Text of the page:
Iraq News

Iraq's oilfields remain vulnerable, officials say

By Faris Omran

Iraqi technicians repair a pipeline damaged by terrorists at Salaheddine province's Ajil oil field. [Photo from the North Oil Company Facebook page]

Iraqi technicians repair a pipeline damaged by terrorists at Salaheddine province's Ajil oil field. [Photo from the North Oil Company Facebook page]

Though the "Islamic State of Iraq and Syria" (ISIS) has been ousted from the oilfields in northern Iraq that provided the bulk of its revenue stream, the fields are still vulnerable to exploitation, experts and officials told Diyaruna.

At the peak of its power, ISIS had control of enormous oil output, as about one third of Iraq's oil reserves are in northern Iraq, Sadiq al-Bahadli, a professor of finance and banking at al-Mustansiriya University, told Diyaruna in 2016.

The group made millions of dollars from its theft and smuggling of oil.

But with ISIS gone, Iraq's northern oilfields are still suffering from rampant oil theft and smuggling, according to local officials and some Iraqi media reports.

These reports point the finger at certain militias that operate under the auspices of the Popular Mobilisation Forces (PMF), which control most of the area from southern Mosul to the Hamreen mountains.

This area includes the al-Qayyarah and Najmah oilfields in Ninawa province, and the Allas and Ajil fields east of Tikrit in Salaheddine.

"These fields have been continuously drained, first at the hands of terrorists and now by factions of the PMF," Ninawa tribal spokesman Mazahim al-Huwayet told Diyaruna. "The people’s natural resources are being squandered."

Some factions exploit influence

Certain "influential" factions who exercise control on the ground are regarded with suspicion, al-Huwayet said, stressing that not all PMF factions are to blame.

Theft is occurring on a daily basis, he said, with large-capacity tankers smuggling significant quantities of oil to Iran from Ninawa, Kirkuk and Salaheddine.

This activity is being facilitated by certain factions, who are "exploiting their military advantage and control of oil smuggling routes", he noted.

"Local residents are well aware of the theft, but they are afraid of informing the authorities," he said, adding that some residents submitted reports to the authorities, only to be detained by members of these factions.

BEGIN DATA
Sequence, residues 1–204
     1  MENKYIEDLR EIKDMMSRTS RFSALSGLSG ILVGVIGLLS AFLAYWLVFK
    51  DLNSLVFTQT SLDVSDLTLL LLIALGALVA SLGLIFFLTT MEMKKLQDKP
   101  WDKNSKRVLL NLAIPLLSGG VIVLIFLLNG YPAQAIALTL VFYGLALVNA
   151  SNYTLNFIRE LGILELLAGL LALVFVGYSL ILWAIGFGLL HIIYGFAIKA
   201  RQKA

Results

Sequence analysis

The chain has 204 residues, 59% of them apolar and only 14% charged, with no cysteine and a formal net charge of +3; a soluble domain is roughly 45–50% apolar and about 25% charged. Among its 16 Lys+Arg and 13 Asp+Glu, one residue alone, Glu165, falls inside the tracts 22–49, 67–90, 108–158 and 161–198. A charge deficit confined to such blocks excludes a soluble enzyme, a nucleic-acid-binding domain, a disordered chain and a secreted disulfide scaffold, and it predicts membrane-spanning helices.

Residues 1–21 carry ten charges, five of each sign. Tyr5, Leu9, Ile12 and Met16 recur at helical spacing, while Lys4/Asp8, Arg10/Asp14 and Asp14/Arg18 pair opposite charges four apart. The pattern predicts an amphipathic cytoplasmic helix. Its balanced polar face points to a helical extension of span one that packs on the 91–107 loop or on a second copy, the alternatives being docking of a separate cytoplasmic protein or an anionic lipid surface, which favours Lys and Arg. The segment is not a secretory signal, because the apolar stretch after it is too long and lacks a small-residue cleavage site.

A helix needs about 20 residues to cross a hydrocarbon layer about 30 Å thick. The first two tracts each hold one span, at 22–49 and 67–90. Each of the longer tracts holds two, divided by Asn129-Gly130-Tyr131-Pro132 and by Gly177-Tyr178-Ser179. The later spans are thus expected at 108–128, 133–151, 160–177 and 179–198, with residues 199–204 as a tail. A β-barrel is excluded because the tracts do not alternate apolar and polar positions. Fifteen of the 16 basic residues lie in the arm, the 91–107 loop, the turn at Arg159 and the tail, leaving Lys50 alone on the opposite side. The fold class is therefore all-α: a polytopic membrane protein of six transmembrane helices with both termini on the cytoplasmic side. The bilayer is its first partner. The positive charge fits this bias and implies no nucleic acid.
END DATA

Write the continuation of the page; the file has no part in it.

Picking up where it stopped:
Al-Huwayet called on the government to stage an emergency intervention against what he described as "organised criminal activity", asking it to "put an end to the draining of Iraqi oil".

"ISIS took advantage of our oil reserves to fund its criminal activities, and these factions are doing the same thing," he said.

If these operations continue unabated, the country will suffer grave consequences, he said, as it will be hard to "maintain stability and economic vibrancy with such crimes being perpetrated".

Oil smuggling a recurring concern

Accusations about oil smuggling have been levelled before.

In late 2016, according to several media reports, PMF fighters managed to illegally transport 40,000 barrels of oil per day to Iran from the Salaheddine oilfields, Ajil and Allas, selling it at prices that were below market rates.

The current accusations single out four Iran-backed PMF factions: Imam Ali Brigades, Sayed al-Shuhada Brigade, Asaib ahl al-Haq and al-Mumahadoun.

Recent reports indicate that 70% of crude oil smuggling originates from Najmah and al-Qayyarah, and that operations occur late at night at a rate of 30 trucks a day, transporting roughly 15,000 barrels of crude oil per week.

The theft and smuggling of oil preceded ISIS's June 2014 incursion, oil expert Humam al-Shamaa told Diyaruna.

"Terrorists did steal the oil, but there also were gangs involved in this robbery, so this trend is nothing new," he said, noting that security forces have routinely uncovered pipeline sabotage and vandalism.

Damage to economy, public health

"Sometimes the gangs would store the smuggled oil in storage facilities or steal the oil in a way that would damage the field and start fires," al-Shamaa said.

The fires put people's lives at risk, he said, as did the air, water and soil pollution resulting from the improper handling and storage of oil.

"The biggest damage, however, is to the economy," he said, noting that the loss of oil means a loss of state revenue.

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